The place where they landed was a
small uninhabited island about half a mile
from a larger one. They had scarcely
landed when they saw a canoe approach
them with two savages in it, who held up
a fish in token in friendship. The seamen
in return caught a large club and held it
up as an answering signal, and the savages
then landed, came close to the seamen, and
laughed and appeared to be pleased with
the meeting. After some time they made
signs to the seamen to follow them, and
went into their canoes. The seamen did
did so, and were conducted towards the
larger island. On their way to it they
were surrounded by several canoes and a
chief who was in one of them sprang from
it into the seamen's boat and furiously as-
saulted the captain. This seemed to' be
the signal for a general assault on the sea-
men, and they were attacked on all sides,
and ultimately overpowered and stripped
naked, and in this condition they were
brought to land. On coming on shore
they were surrounded by the women and
children who seemed to regard them as
extraordinary objects of curiosity, and re-
peatedly put their hands on them to exam-
ine them more minutely. Near where
they landed, was a platform of stones, on
which were assembled all the chiefs of the
nation, who had assembled to determine
what was to be done with the strangers.-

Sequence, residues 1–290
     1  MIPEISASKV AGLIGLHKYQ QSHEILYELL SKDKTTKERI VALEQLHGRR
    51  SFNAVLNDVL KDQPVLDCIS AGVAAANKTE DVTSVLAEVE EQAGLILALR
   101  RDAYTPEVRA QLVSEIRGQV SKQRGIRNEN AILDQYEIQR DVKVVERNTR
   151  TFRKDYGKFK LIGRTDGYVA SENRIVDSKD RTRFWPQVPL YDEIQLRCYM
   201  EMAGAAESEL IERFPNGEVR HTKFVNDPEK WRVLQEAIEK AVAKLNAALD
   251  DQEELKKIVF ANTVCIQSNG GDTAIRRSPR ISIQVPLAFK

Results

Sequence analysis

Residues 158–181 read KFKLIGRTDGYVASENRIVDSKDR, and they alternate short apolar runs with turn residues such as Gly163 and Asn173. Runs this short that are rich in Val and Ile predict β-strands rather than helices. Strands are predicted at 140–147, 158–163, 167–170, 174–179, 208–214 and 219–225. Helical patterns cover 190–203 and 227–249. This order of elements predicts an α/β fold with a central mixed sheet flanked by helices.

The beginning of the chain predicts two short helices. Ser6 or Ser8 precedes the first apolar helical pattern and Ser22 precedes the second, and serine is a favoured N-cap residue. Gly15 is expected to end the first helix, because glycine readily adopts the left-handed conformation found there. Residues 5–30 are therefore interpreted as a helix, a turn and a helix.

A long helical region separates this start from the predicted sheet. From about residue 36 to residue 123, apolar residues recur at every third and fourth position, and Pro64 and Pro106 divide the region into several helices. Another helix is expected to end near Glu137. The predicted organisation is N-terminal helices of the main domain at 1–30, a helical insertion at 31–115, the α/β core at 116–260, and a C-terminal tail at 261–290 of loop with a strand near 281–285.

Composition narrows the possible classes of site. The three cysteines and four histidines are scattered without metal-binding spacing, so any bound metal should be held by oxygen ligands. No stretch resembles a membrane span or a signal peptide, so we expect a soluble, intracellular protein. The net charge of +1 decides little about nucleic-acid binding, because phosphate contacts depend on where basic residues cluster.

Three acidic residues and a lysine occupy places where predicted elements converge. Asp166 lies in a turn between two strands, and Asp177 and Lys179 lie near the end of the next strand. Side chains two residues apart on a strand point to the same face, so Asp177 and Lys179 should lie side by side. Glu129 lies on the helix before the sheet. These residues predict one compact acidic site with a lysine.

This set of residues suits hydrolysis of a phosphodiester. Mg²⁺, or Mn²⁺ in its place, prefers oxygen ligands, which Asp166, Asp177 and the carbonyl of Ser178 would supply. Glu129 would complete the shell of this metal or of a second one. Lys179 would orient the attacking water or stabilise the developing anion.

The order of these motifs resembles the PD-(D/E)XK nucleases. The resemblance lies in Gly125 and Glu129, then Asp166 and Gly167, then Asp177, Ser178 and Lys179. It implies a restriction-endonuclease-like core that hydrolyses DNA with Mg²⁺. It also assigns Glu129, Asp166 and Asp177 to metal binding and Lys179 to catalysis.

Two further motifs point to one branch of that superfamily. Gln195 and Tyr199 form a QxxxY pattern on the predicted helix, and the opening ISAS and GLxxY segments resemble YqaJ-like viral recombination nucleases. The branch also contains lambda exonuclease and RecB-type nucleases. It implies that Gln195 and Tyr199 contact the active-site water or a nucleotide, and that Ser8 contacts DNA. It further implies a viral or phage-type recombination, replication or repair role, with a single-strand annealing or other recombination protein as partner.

When they had deliberated some time, the
women and children, who seemed to take
a great interest in the seamen began to cry,
which the unfortunate seamen considered
as a sign that their fate was determined on.
Such was not, however, the case, as the


savages gave them a sort of toddy, com-
posed of water and 'molasses made from
the sacharine of the cocoa nut, after drink-
ing which, they were conducted to the
chief town, called Ibuel, where the chiefs
held another council regarding them:-
Whilst this council was being held, the
seamen were not a little astonished at see-
ing a seeming savage run towards them and
address them in English. On entering in-
to conversation with bhm, they learned that
he was an Englishman, who had deserted
his ship more than twenty years back, bad
remained on the Island ever since, had be-
come a Chief, and exercised unlimited in-
fluence among the savages. Through this


nan's influence they had a house assigned
hem to live in, and we were well treated
whilst they remained on the Island. The